Understanding a Simple Strcat Example

This is a discussion on Understanding a Simple Strcat Example within the C++ Programming forums, part of the General Programming Boards category; Hi, I'm trying to understand the following example program from C++ Without Fear. Basically it gets to strings from the ...

  1. #1
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    Question Understanding a Simple Strcat Example

    Hi,

    I'm trying to understand the following example program from C++ Without Fear. Basically it gets to strings from the user, one for the path of a text file, one for the name of a text file, then it creates that text file.

    What I don't understand is this line:

    Code:
    strncat(path, filename, strlen(path) - 80); // concatenate
    Why would you only want to copy the following number of characters: strlen(path) - 80? Path is only like, 81 characters long! Isn't using that going to make it copy only 1 character?

    Thanks.

    Code:
    #include <iostream>
    #include <fstream>
    #include <string.h>   // Add this include
    using namespace std;
    
    int main() {
        char filename[81];
        char path[81];
    
        cout << "Enter directory path: ";   // Prompt for path
        cin.getline(path, 80);
    
        cout << "Enter a file name and press ENTER: ";
        cin.getline(filename, 80);
    
        strncat(path, filename, strlen(path) - 80); // concatenate
    
        ofstream file_out(path);     // Use path string to open
        if (! file_out) {
            cout << "File " << filename << " could not be opened.";
            return -1;
        }
        cout << "File " << filename << " was opened.";
        file_out << "I am Blaxxon," << endl;
        file_out << "the cosmic computer." << endl;
        file_out << "Fear me.";
        file_out.close();
        return 0;
    }

  2. #2
    ZuK
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    Quote Originally Posted by bengreenwood View Post
    What I don't understand is this line:

    Code:
    strncat(path, filename, strlen(path) - 80); // concatenate
    This only appends as many chars of filename that still fit into a buffer of 80.
    Kurt

  3. #3
    and the hat of wrongness Salem's Avatar
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    Why are you using messy C-style strings in a C++ program?

    I get that you need them for opening files (bizarrely), but still there's ways round that.
    Code:
        string filename;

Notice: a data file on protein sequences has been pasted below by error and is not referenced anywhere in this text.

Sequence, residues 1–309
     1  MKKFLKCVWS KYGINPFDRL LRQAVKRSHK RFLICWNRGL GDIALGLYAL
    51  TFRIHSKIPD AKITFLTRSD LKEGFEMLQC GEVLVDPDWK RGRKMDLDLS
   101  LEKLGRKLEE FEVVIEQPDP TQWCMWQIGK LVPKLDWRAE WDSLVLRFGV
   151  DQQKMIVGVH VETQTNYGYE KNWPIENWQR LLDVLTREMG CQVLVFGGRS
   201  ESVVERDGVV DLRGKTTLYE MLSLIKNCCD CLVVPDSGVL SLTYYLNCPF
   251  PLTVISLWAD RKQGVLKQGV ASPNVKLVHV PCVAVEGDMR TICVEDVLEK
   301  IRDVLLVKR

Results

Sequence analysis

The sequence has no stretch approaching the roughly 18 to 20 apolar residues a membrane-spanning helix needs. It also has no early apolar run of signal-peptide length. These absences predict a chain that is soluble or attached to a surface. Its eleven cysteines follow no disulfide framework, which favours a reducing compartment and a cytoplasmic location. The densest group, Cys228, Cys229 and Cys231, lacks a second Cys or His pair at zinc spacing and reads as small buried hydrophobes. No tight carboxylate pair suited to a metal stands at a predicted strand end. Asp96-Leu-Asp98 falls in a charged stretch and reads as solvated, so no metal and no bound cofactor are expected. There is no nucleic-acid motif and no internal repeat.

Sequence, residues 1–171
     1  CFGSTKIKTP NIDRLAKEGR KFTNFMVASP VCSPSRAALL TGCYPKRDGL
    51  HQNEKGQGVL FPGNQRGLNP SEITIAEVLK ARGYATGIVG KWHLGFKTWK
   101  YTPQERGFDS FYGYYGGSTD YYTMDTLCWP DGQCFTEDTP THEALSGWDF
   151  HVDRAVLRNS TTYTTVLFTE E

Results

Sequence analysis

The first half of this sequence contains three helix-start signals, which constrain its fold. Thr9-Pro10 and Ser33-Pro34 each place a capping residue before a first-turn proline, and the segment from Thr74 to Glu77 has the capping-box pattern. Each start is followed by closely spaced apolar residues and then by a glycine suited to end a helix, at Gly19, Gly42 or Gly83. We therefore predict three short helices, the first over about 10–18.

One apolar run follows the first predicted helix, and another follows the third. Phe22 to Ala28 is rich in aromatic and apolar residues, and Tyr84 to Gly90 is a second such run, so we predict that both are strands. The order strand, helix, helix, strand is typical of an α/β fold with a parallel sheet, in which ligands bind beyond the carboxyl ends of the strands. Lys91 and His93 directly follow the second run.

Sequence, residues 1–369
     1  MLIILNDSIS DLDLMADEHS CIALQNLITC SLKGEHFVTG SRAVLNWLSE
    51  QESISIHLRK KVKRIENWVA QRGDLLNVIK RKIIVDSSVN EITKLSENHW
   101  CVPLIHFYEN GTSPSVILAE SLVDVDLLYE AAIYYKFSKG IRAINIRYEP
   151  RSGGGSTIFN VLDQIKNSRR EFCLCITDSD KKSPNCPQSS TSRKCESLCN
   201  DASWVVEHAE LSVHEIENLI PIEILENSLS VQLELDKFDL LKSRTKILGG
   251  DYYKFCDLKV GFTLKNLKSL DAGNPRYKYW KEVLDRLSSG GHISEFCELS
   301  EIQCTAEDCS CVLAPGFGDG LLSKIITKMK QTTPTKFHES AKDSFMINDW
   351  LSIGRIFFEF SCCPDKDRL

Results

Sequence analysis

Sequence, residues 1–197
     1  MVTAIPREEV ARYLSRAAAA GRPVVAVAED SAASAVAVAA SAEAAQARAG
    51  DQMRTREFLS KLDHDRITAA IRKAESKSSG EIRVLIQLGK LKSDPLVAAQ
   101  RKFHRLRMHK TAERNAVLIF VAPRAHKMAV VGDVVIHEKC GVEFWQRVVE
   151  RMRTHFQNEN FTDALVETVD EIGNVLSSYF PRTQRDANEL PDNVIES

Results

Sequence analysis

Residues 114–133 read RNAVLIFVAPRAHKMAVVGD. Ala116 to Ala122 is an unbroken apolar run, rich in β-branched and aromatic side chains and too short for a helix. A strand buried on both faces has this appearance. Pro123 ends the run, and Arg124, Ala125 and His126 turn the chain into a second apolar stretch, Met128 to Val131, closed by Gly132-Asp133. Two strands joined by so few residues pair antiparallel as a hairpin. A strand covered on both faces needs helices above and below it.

string path;
    
        cout << "Enter directory path: ";   // Prompt for path
        cin.getline(path);
    
        cout << "Enter a file name and press ENTER: ";
        cin.getline(filename);
    
        path += filename;  // nice and safe
    
        ofstream file_out(path.c_str());     // Use path string to open
    If you dance barefoot on the broken glass of undefined behaviour, you've got to expect the occasional cut.
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    Zuk, thanks for your quick reply, but I don't understand what you mean..

  5. #5
    The larch
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    Shouldn't that be
    Code:
    strncat(path, filename, 80 - strlen(path)); // concatenate
    It ensures that no more than 80 characters end up in path so you don't go out of bounds with the buffer.

    The bad thing is that it may sometimes leave a part of filename uncopied and you'll be left with an incomplete filename.

    This is particularly problematic because filename is allowed to be 80 characters long, so cases where the full path would get truncated are foreseen. (Path should be longer: Windows allows full paths to be something like 266 characters).

    Considering how much trouble it is with char arrays and how easy it is with std::string, your choice should be obvious...
    I might be wrong.

    Thank you, anon. You sure know how to recognize different types of trees from quite a long way away.
    Quoted more than 1000 times (I hope).

  6. #6
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    Also, if it is like it states now, if strlen(path) is less than 80, it would be a negative number, which in unsigned [as size_t is] means "really huge" - so the code probably works OK until you get a long path or filename that would fill the entire string size... There's something wrong with this code...

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